Sun shower

Here’s a few pictures of the almost completed solar shower (made with salvaged wood). The water drains into the adjacent compost bin and also waters the fruit trees along the fence. We’ll be planting a few fruiting tropical plants to seclude the shower stall from view. The guys have yet to set the 100 feet or so of coiled, black garden hose that will heat the water. The shower isn’t intended to rival a typical indoor shower with a constant stream of steaming hot water. We figure all we need is enough warmish water to take a quick wash down to get off any dirt or sweat and maybe wash some hair (guy’s hair that is).

Soap & Water

Soap and detergent are the components in gray water, which could adversely affect plants the most. The wastewater from the shower generally contains only a small amount of soap, and has few solid residues. Special (biodegradable ) soaps can be purchased to lessen any harmful impacts on plants.

A question from a reader:

I would love to hear more about your discoveries as you use your greywater system. What soap/shampoo/laundry soap do you use to avoid salt buildup issues in your garden soils? If you use homemade, would you share the greywater soap recipes? I have seen very little information about what soaps *are* compatible with water re-use (brands, ingredients, etc), have only seen warnings about how detergents are not compatible. Even those of us who do not yet have greywater systems could help, by supporting with our purchases the companies who make the greywater-compatible brands. ~ Joanne P. ~

Thank you for your question, Joanne. First, we haven’t yet installed the Australian made Greywater Diverta. However,  for years, we have been re-using our laundry water. With the Divertawill also be able to re-use the bathroom sink and tub water. As for the kitchen, we won’t be re-using the kitchen sink water because of the food particles and other possible containments like cooking oils/fats.

Types of soaps that we do use that would be compatible for water re-use:


Homemade olive oil bar soap (or any natural based soaps)

Castile soap (e.g.Dr. Bronner’s)

Natural, no sodium lauryl sulfate shampoo (e.g. Aubrey Organics)


Biodegradable, non synthetic dish soap (eg. Trader Joes “Next to Godliness” Dish Soap)


Biodegradable, vegetable based laundry soap (e.g. Seventh Generation or Citra-Suds)

(Note you could also use a a soapless water treatment disk )

What about soaps and detergents? Are they harmful to the soil and plants?
Soaps and detergents are biodegradable, but they can present problems when gray water is used over an extended period. The main problem with most cleaning agents is that they contain sodium salts which, if present in excessive amounts, can damage the soil structure, can create an alkaline condition, and can also damage plants.
Avoid detergents that advertise “softening power,” because they will have a large proportion of sodium-based compounds. The phosphates in detergents can be good for plant growth, but unfortunately, the detergents highest in phosphates usually contain the greatest amount of sodium. If you re-use washing machine water, cut down or eliminate the amount of bleach you use and do not use detergents or additives that contain boron, which is especially toxic to plants.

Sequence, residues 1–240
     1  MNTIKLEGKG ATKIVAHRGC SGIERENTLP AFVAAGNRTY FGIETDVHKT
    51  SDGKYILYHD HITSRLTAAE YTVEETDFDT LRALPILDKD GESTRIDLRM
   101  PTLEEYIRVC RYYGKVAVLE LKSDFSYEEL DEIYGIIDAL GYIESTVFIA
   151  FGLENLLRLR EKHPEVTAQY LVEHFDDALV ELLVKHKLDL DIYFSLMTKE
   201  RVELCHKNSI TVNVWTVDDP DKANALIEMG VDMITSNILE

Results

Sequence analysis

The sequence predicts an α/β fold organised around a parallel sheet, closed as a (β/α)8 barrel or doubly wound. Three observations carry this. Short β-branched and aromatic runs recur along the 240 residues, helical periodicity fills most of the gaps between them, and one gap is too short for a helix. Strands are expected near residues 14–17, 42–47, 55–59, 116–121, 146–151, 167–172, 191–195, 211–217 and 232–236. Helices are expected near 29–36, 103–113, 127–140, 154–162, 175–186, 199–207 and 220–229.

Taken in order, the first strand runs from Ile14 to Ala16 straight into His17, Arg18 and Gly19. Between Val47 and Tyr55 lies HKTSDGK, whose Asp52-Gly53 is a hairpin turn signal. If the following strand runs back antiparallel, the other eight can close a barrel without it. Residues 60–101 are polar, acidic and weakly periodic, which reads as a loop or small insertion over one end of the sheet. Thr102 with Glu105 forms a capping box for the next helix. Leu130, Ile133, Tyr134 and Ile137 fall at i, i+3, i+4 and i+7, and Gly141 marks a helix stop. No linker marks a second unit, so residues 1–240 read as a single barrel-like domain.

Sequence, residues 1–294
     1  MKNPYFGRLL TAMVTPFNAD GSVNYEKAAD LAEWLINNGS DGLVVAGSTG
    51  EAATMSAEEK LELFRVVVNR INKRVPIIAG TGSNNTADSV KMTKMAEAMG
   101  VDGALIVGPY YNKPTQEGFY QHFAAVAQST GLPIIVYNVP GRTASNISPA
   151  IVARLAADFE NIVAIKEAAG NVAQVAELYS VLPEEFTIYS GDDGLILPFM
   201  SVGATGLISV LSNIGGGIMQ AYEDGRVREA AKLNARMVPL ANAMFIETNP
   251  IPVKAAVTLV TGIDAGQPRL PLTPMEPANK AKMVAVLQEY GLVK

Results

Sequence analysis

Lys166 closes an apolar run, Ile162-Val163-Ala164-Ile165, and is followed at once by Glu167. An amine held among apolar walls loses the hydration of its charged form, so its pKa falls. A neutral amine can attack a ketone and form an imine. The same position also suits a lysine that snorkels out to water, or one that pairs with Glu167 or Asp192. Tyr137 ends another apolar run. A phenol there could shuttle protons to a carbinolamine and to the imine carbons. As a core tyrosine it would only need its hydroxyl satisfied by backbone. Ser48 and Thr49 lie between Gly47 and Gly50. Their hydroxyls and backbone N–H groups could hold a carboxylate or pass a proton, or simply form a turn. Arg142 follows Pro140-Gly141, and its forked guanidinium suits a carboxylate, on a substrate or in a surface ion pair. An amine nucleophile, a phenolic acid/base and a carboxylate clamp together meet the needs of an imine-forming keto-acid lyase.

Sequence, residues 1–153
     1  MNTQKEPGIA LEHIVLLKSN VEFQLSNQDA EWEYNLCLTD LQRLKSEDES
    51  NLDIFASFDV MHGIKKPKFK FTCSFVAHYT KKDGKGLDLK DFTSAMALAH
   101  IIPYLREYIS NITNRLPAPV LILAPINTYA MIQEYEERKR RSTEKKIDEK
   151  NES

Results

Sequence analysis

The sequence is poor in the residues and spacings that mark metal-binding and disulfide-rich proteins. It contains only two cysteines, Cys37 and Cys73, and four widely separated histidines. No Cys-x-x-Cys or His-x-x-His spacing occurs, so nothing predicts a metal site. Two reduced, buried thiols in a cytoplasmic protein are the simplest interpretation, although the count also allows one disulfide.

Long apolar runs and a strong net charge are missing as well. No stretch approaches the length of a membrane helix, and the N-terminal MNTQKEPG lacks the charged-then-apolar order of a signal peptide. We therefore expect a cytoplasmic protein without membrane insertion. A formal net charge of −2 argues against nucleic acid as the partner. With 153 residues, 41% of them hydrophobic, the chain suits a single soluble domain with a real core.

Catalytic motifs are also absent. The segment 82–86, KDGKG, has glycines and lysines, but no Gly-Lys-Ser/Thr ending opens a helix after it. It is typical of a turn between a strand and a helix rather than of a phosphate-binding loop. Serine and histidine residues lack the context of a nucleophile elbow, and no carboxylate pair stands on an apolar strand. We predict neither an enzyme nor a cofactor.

When doing your household cleaning, use ammonia, or products that contain ammonia, instead of chlorine as the cleaning agent.

What precautions can I take to protect the soil from damage when I use gray
water over a long period of time?

As mentioned earlier, a great danger in using gray water is the build-up of sodium in the soil. You can discover if the sodium levels are high by having the pH of your soil tested. A pH of 7.5 or above indicates that your soil has become loaded with sodium. You can correct or avoid this problem by spreading gypsum (calcium sulfate) over the soil at a rate of two pounds per 100 square feet about once a month. Rainfall, or rotating gray water applications with fresh water, will help leach the soil of sodium and excess salts.

{Courtesy of University of Massachusetts: ‘Recycling Gray Water for Home Gardens‘}

You can use graywater from your shower, bathtub, bathroom sink and laundry. Only these sources are included in the legal definition of graywater


Don’t use graywater on or near annual vegetables, annual ornamental bedding plants, or for any planting that requires working the soil several times per season. Use graywater around perennials, trees and shrubs only, and wash your hands after working in soil irrigated by graywater.


If highs in the upper 80’s weren’t enough, the high today in the valley is expected to reach near 100 degrees!    Another hot winter’s day, no rain in the foreseeable future. The southland in on red alert as another brush fire has broken out in the Malibu area

January was America’s Warmest on Record 8.5 degrees above average!

No Comments

  1. claire says:

    great information on the usage of grey water, thankyou. I find it difficult to imagine how hot it must be there as its so cold here, and wet! yuck!

  2. Jeff says:

    Nice work on the solar shower!

    And thank your for the very complete information on safe soaps.

  3. Anais says:

    Hi Jeff,

    Thank you for the compliment. We look forward to using it!

  4. Anais says:


    The weather still continues to be hot. I had a tank top on yesterday and walked around outside in barefeet.

    Even though the warm temps sound lovely, we are going to need cooler and rainy weather soon!